The adaptation we’ll implement comes from from the excellent paper, The Genuine Sieve of Eratosthenes^{2}, by Melissa E. O’Neill. The idea is to turn the algorithm inside out. Instead of keeping track of which numbers are prime, we’ll maintain a table of composite numbers along with their known factors. As we iterate the natural numbers, the table will be updated with new information about which numbers are known to be composite and what factors have been found.

Confused? Let’s walk through the algorithm, step by step.

### Tracking Composites

We start with 2 as the first natural number and check to see if it exists in the composite table. Since the table is empty, 2 isn’t present, so we add a new list containing 2 to the table with the square of 2 (4) as the key. Finally, since 2 was not found in the composite table, we know it is prime.

We take the next natural number, 3. Like before, 3 is not found in the composite table, so we add it to the table using its square (9) as the key and return 3 as prime.

We take the next natural number, 4. This time is different—4 is found in the composite table, so we know it’s not prime. In this case, we take the list found in the table under 4 (the known factors), and for each factor, we add 4 and insert the result into the table. Thus, we insert 6 into the table along with its known factor, 2. (Interestingly, this algorithm doesn’t tell us that 3 is a factor of 6). Finally, we remove 4 from the table.

Let's skip ahead to some more interesting cases.

After 9 has been processed, the table looks like so:

The next natural number, 10, is found in the table, so we know that it’s composite and not prime. Again, we take the list of known factors, and for each factor, we add 10 and insert the result into the table. This time, the value (12) already exists in the table, so we add it to the list of known factors for that value. Lastly, we remove 10 from the table.

The next natural number, 11, is not found in the table, so we insert its square and return it as prime.

We find the next natural number, 12, in the table. However, because there is more than one known factor in the table, we add two new composites, 12+2=14 and 12+3=15, before finally removing 12.

As you can see, this take on the classic algorithm allows us to determine which numbers are prime and composite by using a minimal amount of memory. Obviously, the table can grow large as we find larger primes, but the memory usage is quite reasonable relative to the traditional sieve where a large list of natural numbers would have to be generated before even the first prime is returned.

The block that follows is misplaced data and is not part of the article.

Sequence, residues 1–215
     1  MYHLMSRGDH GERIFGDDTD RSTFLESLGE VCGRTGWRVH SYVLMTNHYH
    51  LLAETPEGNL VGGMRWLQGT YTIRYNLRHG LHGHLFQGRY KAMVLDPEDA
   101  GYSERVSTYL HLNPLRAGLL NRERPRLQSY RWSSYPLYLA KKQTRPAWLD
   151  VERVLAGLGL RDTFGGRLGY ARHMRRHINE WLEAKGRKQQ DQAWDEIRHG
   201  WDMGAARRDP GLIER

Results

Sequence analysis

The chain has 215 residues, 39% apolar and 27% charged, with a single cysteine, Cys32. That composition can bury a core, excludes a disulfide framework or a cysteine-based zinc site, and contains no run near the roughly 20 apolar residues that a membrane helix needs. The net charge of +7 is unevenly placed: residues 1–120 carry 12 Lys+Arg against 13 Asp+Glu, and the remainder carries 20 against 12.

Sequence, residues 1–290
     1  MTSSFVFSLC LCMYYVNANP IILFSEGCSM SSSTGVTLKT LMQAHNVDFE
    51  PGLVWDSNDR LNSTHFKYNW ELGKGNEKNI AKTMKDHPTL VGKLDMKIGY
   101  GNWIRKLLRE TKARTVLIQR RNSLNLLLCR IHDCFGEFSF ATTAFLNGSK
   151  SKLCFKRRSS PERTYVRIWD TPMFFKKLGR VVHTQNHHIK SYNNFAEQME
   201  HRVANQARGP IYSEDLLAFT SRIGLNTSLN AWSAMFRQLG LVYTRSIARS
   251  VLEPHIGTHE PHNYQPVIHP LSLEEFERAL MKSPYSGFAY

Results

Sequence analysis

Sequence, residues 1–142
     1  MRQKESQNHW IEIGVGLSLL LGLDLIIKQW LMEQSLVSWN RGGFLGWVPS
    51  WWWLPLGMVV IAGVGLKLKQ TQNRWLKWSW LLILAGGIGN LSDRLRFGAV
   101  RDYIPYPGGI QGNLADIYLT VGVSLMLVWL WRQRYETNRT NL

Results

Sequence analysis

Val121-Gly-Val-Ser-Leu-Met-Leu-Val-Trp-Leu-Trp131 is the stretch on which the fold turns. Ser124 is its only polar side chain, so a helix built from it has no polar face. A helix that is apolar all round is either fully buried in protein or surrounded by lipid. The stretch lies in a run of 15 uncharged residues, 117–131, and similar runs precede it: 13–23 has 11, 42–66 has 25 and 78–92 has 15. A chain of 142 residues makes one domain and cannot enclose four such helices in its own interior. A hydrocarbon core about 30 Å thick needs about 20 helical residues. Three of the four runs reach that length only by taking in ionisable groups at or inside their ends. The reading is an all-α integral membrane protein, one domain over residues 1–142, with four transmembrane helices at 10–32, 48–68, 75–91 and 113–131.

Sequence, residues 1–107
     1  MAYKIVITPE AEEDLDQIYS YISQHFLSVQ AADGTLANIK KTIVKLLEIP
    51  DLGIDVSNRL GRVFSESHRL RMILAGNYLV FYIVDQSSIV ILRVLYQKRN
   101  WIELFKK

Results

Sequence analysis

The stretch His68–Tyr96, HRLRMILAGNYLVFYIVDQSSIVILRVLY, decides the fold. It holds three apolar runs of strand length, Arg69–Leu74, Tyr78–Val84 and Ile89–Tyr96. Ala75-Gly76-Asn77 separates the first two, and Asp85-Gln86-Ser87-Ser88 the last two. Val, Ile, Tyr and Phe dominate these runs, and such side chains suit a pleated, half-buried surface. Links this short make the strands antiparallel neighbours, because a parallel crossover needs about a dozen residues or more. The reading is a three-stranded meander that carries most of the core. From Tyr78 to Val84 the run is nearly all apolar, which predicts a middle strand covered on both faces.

### Show Me Some Code!

The F# code nearly writes itself.

let comp = x+prime

match Map.tryfind comp table with

| None -> table |> Map.add comp [prime]

| Some(facts) -> table |> Map.add comp (prime::facts)

let rec sieve x table =

seq {

match Map.tryfind x table with

| None ->

yield x

yield! sieve (x+1L) (table |> Map.add (x*x) [x])

| Some(factors) ->

yield! sieve (x+1L) (factors |> List.fold_left (reinsert x) (table |> Map.remove x)) }

let primes =

sieve 2L Map.empty

The meat of the algorithm is in the sieve function. Here, we try to locate x in the table. If it is not found, we yield x (because it’s prime) and recursively call sieve passing x+1 and a table with the square of x added to it. (Note that Map is an immutable data structure, so “mutating” functions like Map.add actually return a brand new Map.) If x is found in the table, we recursively call sieve passing x+1 and a table from which x has been removed and each known factor has been reinserted. The reinsert function performs the trivial work of reinserting a known factor into the table.

A couple of other interesting details about this code are worth pointing out:

- sieve returns a sequence expression, denoted by the seq keyword and the curly braces. Sequence expressions are lazily evaluated, meaning that the next prime won't be calculated until requested. In addition, the sequence expression is recursive due to the use of the yield! keyword, which can be used to return another sequence expression as part of a sequence.
- The call to List.fold_left might look a bit exotic because we are folding over the list of known factors to produce a new table with each factor reinserted.

### Mutation Isn't All Bad

Now that we have a working prime number generator, let’s take a moment to optimize. Until now, we’ve been sticking with the immutable F# Map type, but we *could* employ a mutable data structure to improve performance. To replace the data structure in a way that preserves the beauty of the algorithm, we’ll define a set of APIs for Dictionary<TKey,TValue> that mimic the Map APIs:

open System.Collections.Generic

let empty() = new Dictionary<_,_>()

let add k v (d : #IDictionary<'a,'b>) =

d.[k] <- v; d

let remove (k : 'a) (d : #IDictionary<'a,'b>) =

d.Remove(k) |> ignore; d

let tryfind k (d : #IDictionary<'a,'b>) =

match d.TryGetValue(k) with

| true, v -> Some(v)

| false, _ -> None

Now, it’s a simple matter of replacing references to Map with Dict, and our algorithm immediately benefits from the performance boost of using a mutable table.

let comp = x+prime

match Dict.tryfind comp table with